- About Us
Island women share their 'sense'
When island aerialists Martha Enson, Janet McAlpin and Leah Mann all turned 50 last year, they saw an opportunity.
While most performers who depend on their bodies to create their art retire in their 30s, these women had already beaten the odds and were ready to talk about it. Talk about it, that is, in their own language of physical storytelling, a tale they plan to tell in a new show called “50 Sense Circus.”
One week before the scheduled performances, these three vibrant women greet each other with energetic hugs in the light-filled, high-ceiling gym built by McAlpin and strewn with heaps of aerial harnesses and yoga mats, large colorful balls and a ladder that the women climb to clip into hanging bungee cords to rehearse their act.
These are veteran performers equally at ease upside down and hanging off each other’s arms or legs as they are assuming a yoga pigeon pose or arching in a backstretch across an exercise ball. These are women with finely tuned skills and, unlike their ingenue counterparts, have a combined count of 90 years of experience behind them, which in the words of Martha Enson means they’ve paid the price of admission, the admission to tell their own stories.
“It’s the accumulation of living that gives you something to say,” she said. “With the price of admission you get to admit who you are and not pretend, to be at home with that and the freedom it brings.”
Whether they paid the price or earned the right, there’s little doubt that these women have impressive dossiers to back them up.
As the artistic director of Enjoy Productions, Enson creates, designs and implements Enjoy’s public and private events. She became the first female performer/director of Teatro ZinZanni, co-founded UMO Ensemble and was founding producer of the Fringe Theater Festival.
An aerialist, actress, director, mask-maker, puppeteer, trainer and mother, Enson holds a master’s degree in fine arts from Connecticut’s National Theatre Institute and trained at Ecole Jacques Lecoq, a physical theater school in Paris. She grew up in New York City and moved to Vashon in 1989.
McAlpin gave Vashon an enormous gift when she and David Godsey, in 1992, purchased the K2 warehouse, better known today as the Open Space for Arts & Community. As an aerialist and physical theater performer, McAlpin knew firsthand the island’s need for a large, flexible artist-centered space, and she made it happen.
Also trained at Ecole Jacques Lecoq, McAlpin teaches and directs physical theater and has appeared as various characters in Teatro ZinZani, Cirque du Flambe and the Moisture Festival. As co-founder of UMO Ensemble, McAlpin conceived and directed UMO’s first full-length production and lovingly calls her son her clown mentor. She’s been an island resident since 1989.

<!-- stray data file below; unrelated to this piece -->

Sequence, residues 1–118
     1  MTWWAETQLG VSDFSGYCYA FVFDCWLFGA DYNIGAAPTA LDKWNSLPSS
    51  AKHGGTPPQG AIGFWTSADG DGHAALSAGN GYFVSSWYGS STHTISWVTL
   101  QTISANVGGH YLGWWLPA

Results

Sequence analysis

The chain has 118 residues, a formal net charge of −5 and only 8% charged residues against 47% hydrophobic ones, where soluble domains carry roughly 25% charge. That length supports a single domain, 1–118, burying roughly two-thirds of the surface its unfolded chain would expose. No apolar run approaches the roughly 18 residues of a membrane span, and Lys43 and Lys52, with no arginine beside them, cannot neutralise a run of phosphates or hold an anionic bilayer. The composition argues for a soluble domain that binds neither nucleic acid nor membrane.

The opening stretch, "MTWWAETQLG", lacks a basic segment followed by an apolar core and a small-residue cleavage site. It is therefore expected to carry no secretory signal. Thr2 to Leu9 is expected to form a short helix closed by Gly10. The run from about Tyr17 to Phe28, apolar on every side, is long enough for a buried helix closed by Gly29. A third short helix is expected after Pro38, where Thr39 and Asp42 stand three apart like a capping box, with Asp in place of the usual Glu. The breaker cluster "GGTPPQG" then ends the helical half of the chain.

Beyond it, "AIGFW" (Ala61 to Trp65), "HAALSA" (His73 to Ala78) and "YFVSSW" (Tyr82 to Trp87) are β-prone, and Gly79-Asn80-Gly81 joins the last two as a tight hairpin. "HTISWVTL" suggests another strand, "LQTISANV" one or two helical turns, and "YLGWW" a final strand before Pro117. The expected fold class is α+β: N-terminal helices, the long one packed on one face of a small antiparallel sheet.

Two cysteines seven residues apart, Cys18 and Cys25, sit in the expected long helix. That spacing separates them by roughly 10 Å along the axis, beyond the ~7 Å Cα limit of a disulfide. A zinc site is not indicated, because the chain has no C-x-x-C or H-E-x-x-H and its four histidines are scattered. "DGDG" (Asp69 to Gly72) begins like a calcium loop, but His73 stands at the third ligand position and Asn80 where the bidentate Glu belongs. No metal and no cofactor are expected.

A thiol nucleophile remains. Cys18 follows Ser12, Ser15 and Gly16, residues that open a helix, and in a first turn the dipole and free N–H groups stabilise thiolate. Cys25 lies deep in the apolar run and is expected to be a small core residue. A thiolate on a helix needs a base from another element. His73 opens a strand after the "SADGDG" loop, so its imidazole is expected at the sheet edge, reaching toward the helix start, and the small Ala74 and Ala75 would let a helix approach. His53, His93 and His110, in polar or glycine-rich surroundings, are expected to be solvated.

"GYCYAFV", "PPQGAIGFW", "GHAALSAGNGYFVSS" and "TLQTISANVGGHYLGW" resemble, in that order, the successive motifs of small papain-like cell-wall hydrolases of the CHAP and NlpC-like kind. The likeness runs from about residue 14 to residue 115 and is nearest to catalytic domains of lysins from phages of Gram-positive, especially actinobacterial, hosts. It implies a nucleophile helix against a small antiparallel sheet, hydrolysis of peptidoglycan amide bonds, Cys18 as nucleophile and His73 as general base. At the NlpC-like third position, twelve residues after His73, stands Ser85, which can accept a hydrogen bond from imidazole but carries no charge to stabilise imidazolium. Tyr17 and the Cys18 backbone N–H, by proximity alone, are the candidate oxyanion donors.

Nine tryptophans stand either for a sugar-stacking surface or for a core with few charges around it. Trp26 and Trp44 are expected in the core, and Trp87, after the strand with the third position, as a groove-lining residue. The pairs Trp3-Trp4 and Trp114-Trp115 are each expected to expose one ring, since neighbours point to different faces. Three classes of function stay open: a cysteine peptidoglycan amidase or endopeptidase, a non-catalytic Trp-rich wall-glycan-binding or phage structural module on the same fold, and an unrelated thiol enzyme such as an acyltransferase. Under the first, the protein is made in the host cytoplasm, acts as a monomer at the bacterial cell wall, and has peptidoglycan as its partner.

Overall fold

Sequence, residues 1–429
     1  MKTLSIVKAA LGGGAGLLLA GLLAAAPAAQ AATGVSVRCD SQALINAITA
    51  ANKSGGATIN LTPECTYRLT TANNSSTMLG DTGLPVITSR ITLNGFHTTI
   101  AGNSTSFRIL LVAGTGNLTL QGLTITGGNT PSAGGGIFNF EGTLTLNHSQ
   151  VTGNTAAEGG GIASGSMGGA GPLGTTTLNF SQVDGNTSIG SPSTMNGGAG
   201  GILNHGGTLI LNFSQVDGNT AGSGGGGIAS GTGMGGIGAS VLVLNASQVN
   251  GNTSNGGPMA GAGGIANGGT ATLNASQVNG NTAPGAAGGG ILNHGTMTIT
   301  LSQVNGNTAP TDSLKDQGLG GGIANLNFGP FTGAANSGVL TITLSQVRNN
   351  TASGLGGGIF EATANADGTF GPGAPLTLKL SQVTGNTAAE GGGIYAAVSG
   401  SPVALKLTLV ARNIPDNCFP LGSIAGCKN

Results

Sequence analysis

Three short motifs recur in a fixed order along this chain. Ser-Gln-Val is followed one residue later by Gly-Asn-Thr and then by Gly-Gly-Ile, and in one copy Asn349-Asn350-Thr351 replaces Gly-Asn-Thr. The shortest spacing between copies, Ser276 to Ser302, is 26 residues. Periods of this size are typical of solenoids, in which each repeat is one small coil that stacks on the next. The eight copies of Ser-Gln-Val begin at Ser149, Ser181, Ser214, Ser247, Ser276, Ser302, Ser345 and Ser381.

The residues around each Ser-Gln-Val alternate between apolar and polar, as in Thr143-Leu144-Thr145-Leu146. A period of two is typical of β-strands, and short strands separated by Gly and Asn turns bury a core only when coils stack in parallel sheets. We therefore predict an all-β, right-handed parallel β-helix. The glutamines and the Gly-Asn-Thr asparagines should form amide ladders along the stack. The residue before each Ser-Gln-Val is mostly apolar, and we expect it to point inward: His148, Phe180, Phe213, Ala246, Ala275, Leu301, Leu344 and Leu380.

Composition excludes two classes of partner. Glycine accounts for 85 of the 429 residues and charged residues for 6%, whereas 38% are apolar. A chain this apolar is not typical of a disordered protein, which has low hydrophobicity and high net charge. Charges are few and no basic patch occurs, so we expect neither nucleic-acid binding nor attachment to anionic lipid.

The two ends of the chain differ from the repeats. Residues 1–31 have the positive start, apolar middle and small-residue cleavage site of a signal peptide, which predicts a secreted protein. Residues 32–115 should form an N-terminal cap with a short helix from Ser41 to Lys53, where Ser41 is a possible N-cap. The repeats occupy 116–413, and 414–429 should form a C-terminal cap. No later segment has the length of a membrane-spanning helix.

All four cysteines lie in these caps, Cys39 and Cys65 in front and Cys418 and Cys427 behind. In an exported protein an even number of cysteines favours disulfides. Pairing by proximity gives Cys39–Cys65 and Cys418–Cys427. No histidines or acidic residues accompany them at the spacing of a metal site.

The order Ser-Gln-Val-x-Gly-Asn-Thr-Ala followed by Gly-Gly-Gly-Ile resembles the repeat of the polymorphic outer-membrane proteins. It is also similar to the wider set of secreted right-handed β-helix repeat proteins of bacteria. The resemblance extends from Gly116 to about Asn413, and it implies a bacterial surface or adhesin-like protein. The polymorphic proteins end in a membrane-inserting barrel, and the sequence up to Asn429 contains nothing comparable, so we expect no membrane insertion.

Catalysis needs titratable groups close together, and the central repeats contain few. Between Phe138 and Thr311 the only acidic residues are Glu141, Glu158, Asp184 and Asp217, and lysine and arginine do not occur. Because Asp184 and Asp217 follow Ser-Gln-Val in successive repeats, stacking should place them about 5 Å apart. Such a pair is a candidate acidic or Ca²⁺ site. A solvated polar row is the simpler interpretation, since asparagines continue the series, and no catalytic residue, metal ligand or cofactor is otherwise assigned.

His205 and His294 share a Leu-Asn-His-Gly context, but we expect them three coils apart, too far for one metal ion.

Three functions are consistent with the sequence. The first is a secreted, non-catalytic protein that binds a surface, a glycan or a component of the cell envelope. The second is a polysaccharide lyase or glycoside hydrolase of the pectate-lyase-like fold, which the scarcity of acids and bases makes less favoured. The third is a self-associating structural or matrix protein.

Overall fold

Choreographer and co-director of Lelavision, Mann began her career as a competitive gymnast, then as a dancer and co-founder of Moving in the Spirit, an award-winning dance and urban outreach program. In 1992, she began collaborating with Ela Lamblin using original kinetic sculpture, live music and dance simultaneously in a performance, creating a new genre called physical music.
Mann’s passion for kinetic, spatial and multi-sensory expression led her to co-found Integrated Music, which brings musicians to bedsides in a Seattle hospital and to instruct restorative movement to Alzheimer patients at community care centers. She facilitates personal development retreats and teaches youth movement. Mann moved to Vashon in 2004.
In response to their milestone birthdays, these three creative athletes inventoried their stories, skipping the midlife crises, to produce a midlife circus of “50 Sense.”
“Everyone gives their two cents,” Enson said. “Now that we’ve turned 50, this is our two cents times 50.”
Under the direction of Seattle performing artist Tina La Padula, who along with Seattle dancer Sumayya Diop performs with the three women, the show will open with the Oracles, characters who are based on the women’s grandmothers.
“We start with our roots,” McAlpin said. “Then the show moves through us as we grow and let go of the past, with permission to be who we are today.”
“That letting go,” added Mann with a bemused twinkle in her brown eyes, “is a real moment of letting go,” which fits for a hybrid theatrical circus featuring daring triple trapeze acts with intricate falls on aerial silk, dervish Spanish web spinning and “banshee-like bungeeing” plus eye-catching sideshow acts of strip tease, feats on roller skates, an accordion extravaganza, oracle conjuring and spoken word by poet Storme Webber.
Told through what the women call sneaky deep comedy and visual poetry, the show ultimately weaves together the many threads of their lives affected by the vicissitudes of life — birth and death, abundance and scarcity, fear and courage — into the fabric of their final act “Admit It.”
Each woman chimes in with a one-line slogan to describe the gist of that last act, “You get to admit who you are. You have permission to be who you are. You are good just as you are.”
And somewhere within the show, some of these words will find their way onto the skin of these daring women on the bouncing bungees who will fly through the air with the greatest of ease.
“50 Sense Circus” will be performed at 8 p.m. Saturday, Jan. 18, and 4 p.m. Sunday, Jan. 19, at the Open Space for Arts & Community. Doors will open 30 minutes before the show for live interactive sculpture. Tickets are available at the Vashon Bookshop or www.brownpapertickets.com. Proceeds from the door will be donated to two nonprofit organizations, the DoVe Project and Eve Ensler’s 1 Billion Rising Project.